Still Life: Saint Lucia Distillers

Every few months, a tanker ship pulls into Saint Lucia’s Roseau Bay, and anchors. A diver drops into the water and attaches an 8-inch flexible hose to the ship. The hose is connected to a 12-inch pipeline that runs for 194 meters underwater before hitting land and popping up in the middle of a beach and continuing overland for just over a kilometer. Eventually the pipe connects to one of several gigantic tanks.

For the next several hours, thick black liquid flows from the ship to the tank—liquid that is vital to the site’s operation. Not oil, but rather molasses: Since Saint Lucia no longer grows enough sugar to make any appreciable amount of molasses on the island, this undersea dance is how the island’s one distillery– St. Lucia Distillers – receives its vital feedstock.

This undersea molasses transfer is just one of the many unique aspects of the distillery, many of which I experienced firsthand during a May 2019 visit to Saint Lucia to meet with WIRSPA representatives.

Style-wise, St. Lucia Distillers is an amalgamation of many other Caribbean distillery templates: It uses both cane juice and molasses, multiple yeast strains, and three different types of stills – we’ll dive deep later. All these production options allow the distillers to create a wide variety of base rums, which they blend into several product lines with many expressions. Unlike distilleries that hew to all–pot distilled or all–column distilled rums, St. Lucia’s Distillers center of gravity is a blend of pot and column still rum, something also seen on other islands such as Barbados and Jamaica.

A Wee Bit of History

Briefly recounting the history of St. Lucian rum, historical research shows that St. Lucia wasn’t a large rum exporter during the 1800s to mid-1900s. The available export figures never rise above 70,000 gallons per year, a tiny amount compared to Jamaica, Demerara, and Martinique–all of which exported millions of gallons every year.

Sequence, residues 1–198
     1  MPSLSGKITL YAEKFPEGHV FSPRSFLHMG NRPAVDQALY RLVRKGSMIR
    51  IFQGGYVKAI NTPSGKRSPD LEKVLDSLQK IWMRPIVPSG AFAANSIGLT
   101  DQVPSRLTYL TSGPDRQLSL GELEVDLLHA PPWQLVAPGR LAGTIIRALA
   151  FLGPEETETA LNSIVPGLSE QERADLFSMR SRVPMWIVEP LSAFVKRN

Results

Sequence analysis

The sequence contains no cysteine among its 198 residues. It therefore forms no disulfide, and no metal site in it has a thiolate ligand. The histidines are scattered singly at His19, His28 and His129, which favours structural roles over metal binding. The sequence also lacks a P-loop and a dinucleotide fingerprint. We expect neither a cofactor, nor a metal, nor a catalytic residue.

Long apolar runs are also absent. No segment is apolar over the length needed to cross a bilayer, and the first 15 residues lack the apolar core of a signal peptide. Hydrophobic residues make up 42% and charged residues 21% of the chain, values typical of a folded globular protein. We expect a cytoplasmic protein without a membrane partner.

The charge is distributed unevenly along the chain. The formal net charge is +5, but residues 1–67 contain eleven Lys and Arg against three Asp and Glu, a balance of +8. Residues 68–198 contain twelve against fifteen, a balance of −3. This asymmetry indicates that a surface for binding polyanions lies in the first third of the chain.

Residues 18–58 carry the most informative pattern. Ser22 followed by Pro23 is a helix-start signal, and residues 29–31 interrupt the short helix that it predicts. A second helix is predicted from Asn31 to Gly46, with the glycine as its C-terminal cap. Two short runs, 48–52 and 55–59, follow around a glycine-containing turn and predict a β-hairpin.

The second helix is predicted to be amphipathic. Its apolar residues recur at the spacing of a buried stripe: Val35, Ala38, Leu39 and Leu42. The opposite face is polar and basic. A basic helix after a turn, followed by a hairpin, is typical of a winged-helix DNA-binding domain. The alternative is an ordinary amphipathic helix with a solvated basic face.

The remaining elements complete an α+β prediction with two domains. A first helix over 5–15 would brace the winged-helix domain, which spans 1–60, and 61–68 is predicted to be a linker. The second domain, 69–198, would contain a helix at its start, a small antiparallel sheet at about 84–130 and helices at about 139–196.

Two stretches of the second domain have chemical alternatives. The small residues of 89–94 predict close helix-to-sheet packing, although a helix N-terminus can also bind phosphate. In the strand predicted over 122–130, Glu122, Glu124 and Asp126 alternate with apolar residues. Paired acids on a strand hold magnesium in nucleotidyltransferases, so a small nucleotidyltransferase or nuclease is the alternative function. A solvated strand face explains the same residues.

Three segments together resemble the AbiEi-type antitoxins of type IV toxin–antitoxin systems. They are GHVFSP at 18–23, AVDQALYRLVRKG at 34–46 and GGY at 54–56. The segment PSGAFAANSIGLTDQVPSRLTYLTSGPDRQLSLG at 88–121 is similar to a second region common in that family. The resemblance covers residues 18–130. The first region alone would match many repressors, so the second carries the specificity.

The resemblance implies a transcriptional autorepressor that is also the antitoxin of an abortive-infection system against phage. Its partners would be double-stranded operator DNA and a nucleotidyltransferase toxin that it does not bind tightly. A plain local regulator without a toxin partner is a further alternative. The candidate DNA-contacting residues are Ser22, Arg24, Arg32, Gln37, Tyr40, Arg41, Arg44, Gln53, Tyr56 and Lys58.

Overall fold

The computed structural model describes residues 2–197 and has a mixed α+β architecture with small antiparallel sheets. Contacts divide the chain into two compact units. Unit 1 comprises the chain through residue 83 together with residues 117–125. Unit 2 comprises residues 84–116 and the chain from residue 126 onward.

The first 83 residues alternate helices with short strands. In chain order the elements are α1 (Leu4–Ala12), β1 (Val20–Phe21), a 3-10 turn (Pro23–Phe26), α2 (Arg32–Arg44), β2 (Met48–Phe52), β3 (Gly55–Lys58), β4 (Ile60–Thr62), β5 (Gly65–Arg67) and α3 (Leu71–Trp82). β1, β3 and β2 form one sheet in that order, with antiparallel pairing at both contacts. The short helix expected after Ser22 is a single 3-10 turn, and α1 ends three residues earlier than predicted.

The St. Lucia Distillers story starts in 1931 when Denis Barnard built a distillery at Dennery, on the eastern shores of St. Lucia.  Four decades later, in 1972, the Barnard family merged operations with the Geest family, who owned the only other operating rum distillery on the island. The Geest’s Roseau Bay Distillery was situated on the opposite side of the Island, due west of the Dennery distillery.

After the two families merged operations in 1972, operations ceased at the Dennery distillery and all production moved to the Roseau Bay facility

The first rum from the combined operation was named Denros, created from the first three letters of each distillery – “Den” and “Ros.” Denros Strong Rum, an unaged, 80 percent ABV firebreather, is still sold today on St. Lucia.

In 1993, the Barnard family bought out the Geest family’s shares to take full ownership of the company, albeit at a different distillery than the one they built in 1931.

The winds of change blew stronger in 1998 when the Barnards sold 24.9 percent of the company to Trinidad’s Angostura Limited – yes, that Angostura of bitters and rum fame. The parent company of Angostura, CLICO, later acquired the remaining shares of St. Lucia Distillers in 2005 to take full ownership.  However, Laurie Barnard, grandson of Denis Barnard, remained as the managing director until his passing in 2012.

2009 brought the fiscal collapse of CL Financial, the overarching parent company of St. Lucia Distillers as well as Angostura, Appleton, and E&A Scheer. In the decade prior, CL Financial had bought up many high-profile spirit producers before going bankrupt. (It’s a tangled tale that I wrote about here.)  For our purposes, St. Lucia Distillers was essentially up for sale from 2009 onward.

A new corporate parent appeared in 2016 in the form of Spiribam, the spirits division of Groupe Bernard Hayot (GBH). GBH already held Martinique’s Rhum Clemént and Rhum J.M in their portfolio, and Saint  Lucia itself is just a short ferry ride from Martinique.

Spiribam soon began an aggressive renovation and upgrade program for the distillery, as well as substantial revamping of the brand portfolio. (More on this later.)

A Distillery, Revealed

It’s a hot, humid May morning when I arrive at St. Lucia Distillers, henceforth referred to as SLD for brevity’s sake. After gawking at the display case filled with dozens of alcoholic offerings made at the distillery, I first meet Michael Speakman, SLD’s sales and marketing director, before being handed off to Lennox Wilson, the distillery’s production manager.